The first soil categories were developed in the 1930s by Curtis Marbut, according to Physical Geography. More modern categories were developed by the U.S. Soil and Water Conservation Service in the 1950s. This system, which wasn't complete until 1960, was an improvement but still lacked the credibility and standards that were necessary. Currently, the Natural Resource Conservation Service under the direction of the Department of Agriculture has soil standards and maintains this department.
The current soil division contains 12 groups of soils, according to the Natural Resources Conservation Service. These groups are further broken down into soil types such as clay, loam and sand. Other regions of the world have varying soil types and a differing classification system.
Alfisols & Mollisols
Alfisol soil is generally found stretching from Minnesota to eastern Texas. This soil develops under forest vegetation where the material has undergone severe weathering. There is an illuviation of clay in the deeper horizon with a light colored surface.
Mollisol soil in most areas has been converted to agricultural fields for crop growth, but thrives in grassland environments, such as the Midwest. Spreading from the Midwestern states to the coast of California, Mollisol soil can be located under grass or vegetation.
Ultisols & Spodosols
Ultisol soil is located primarily in the Southeastern United States. This soil thrives in warm temperatures, and abundant moisture enhances the weathering process and improved leaching of the soil. This soil can be found formed under forest vegetation.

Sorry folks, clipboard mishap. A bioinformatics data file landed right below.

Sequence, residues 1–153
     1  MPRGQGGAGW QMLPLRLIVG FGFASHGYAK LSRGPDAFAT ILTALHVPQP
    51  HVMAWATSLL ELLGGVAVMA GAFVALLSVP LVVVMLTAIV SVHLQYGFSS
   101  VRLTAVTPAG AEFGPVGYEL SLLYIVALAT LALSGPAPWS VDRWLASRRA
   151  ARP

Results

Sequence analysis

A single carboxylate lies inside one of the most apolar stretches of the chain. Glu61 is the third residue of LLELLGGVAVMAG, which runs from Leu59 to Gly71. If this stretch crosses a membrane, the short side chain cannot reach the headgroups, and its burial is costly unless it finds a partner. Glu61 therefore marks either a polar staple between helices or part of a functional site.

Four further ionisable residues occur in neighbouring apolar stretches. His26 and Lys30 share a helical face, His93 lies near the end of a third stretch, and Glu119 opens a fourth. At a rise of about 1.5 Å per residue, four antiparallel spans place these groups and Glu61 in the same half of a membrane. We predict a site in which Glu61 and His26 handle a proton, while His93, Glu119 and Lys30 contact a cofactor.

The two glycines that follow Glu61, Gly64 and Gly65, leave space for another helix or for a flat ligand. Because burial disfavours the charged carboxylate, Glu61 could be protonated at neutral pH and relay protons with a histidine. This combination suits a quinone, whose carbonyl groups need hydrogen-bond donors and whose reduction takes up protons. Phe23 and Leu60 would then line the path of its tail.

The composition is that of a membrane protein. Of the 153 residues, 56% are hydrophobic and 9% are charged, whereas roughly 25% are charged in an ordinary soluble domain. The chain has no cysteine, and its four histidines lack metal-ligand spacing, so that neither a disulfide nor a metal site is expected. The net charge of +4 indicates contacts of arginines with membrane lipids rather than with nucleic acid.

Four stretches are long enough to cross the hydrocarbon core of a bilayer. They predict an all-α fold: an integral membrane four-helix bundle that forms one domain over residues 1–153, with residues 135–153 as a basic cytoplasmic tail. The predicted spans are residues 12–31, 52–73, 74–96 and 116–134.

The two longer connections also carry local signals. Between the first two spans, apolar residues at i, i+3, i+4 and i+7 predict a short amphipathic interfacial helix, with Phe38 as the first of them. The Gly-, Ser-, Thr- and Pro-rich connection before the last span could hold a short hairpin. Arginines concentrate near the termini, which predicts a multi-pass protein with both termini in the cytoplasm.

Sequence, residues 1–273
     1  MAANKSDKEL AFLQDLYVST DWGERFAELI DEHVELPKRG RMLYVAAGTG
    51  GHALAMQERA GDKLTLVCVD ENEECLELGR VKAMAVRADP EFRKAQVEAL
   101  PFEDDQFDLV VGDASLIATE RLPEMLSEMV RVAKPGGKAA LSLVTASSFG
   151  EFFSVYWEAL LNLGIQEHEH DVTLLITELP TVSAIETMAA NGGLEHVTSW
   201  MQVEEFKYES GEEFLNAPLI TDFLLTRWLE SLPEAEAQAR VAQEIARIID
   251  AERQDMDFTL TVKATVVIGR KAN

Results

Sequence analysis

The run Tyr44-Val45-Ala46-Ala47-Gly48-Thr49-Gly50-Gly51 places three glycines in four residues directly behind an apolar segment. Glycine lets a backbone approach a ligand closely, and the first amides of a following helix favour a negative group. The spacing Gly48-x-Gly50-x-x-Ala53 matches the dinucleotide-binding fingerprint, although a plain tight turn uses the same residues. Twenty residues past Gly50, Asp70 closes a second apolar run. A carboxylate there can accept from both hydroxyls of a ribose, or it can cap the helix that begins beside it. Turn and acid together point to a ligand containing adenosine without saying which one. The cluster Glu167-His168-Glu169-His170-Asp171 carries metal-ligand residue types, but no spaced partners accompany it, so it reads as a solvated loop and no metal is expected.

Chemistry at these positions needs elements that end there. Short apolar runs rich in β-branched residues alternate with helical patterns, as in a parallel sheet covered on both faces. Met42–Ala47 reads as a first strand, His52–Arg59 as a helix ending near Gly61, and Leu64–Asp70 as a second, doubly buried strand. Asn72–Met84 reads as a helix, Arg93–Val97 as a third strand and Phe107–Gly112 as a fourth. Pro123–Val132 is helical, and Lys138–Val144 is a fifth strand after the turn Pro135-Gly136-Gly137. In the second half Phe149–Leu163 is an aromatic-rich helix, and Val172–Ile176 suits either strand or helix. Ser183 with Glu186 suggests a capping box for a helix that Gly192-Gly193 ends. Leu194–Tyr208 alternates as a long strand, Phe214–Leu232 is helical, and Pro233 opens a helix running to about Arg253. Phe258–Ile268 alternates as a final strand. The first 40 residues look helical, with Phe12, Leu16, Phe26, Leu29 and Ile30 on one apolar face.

Spondosol soil, like Ultisol soil, can be found under vegetation, but more specifically under coniferous vegetation. It is modified by podzolization and is rich in sand. There is little clay and a small amount of humus in the soil.
Andisols & Ardisols
Andisol soil develops from a volcanic parent material. The unique process of weathering causes an accumulation of allophane in the developing soil. Andisol soil is most generally found in the Northwestern United States and southern Alaska.
Ardisol soil, like Andisol, develops in dry environments. The soil horizon is poor and shallow, leaving the soil light colored. This is primarily because of the limited humus additions from vegetation.
Entisol & Inceptisol
Entisol soil is an immature soil with a lack of developed vertical horizons. There are no definite layers to the soil. This is associated with recently developed sediment from wind, water and ice erosion. In time, weathering will turn the soil. It is found spread across the United States in various parts of the country.
Inceptisol soil is a young soil developed from Entisol soil. It is found primarily in the Alaskan Arctic tundra region. Glacial deposits have only begun the weathering process of this young soil.
Histol & Oxisol
Histol soil is found in the northern Midwest and southern Florida. This organic soil forms in areas with poor draining, making it a wet moist soil. There is a thick organic material base because of decomposition of materials around the soil.
Oxisol soil is found in the tropical regions of Hawaii and Puerto Rico. This wet soil develops in areas with high precipitation and high temperatures. The Oxisol soil group encompasses quartz, clay and iron.
Gelisol & Vertisol
Gelisol soil is generally found across Alaska. It thrives in high altitude areas and develops from permafrost on the surface. Mainly consisting of organic or mineral materials, Gelisol soil can encompass both.
Vertisol soil is a heavy clay soil. This thick soil results from a lack of or excessive moisture. It is common in areas with shale parent material and heavy precipitation. This soil is rampant in the Texas area where cotton growth was popular because this crop grows well in a hard soil. l